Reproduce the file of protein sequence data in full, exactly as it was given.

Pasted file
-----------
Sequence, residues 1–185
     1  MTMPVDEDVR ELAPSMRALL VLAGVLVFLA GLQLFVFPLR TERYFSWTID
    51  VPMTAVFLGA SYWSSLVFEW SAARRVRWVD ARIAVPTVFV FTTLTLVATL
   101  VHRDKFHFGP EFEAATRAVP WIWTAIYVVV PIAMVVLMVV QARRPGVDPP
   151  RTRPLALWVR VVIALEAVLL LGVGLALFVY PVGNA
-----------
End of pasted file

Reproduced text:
Sequence, residues 1–185
     1  MTMPVDEDVR ELAPSMRALL VLAGVLVFLA GLQLFVFPLR TERYFSWTID
    51  VPMTAVFLGA SYWSSLVFEW SAARRVRWVD ARIAVPTVFV FTTLTLVATL
   101  VHRDKFHFGP EFEAATRAVP WIWTAIYVVV PIAMVVLMVV QARRPGVDPP
   151  RTRPLALWVR VVIALEAVLL LGVGLALFVY PVGNA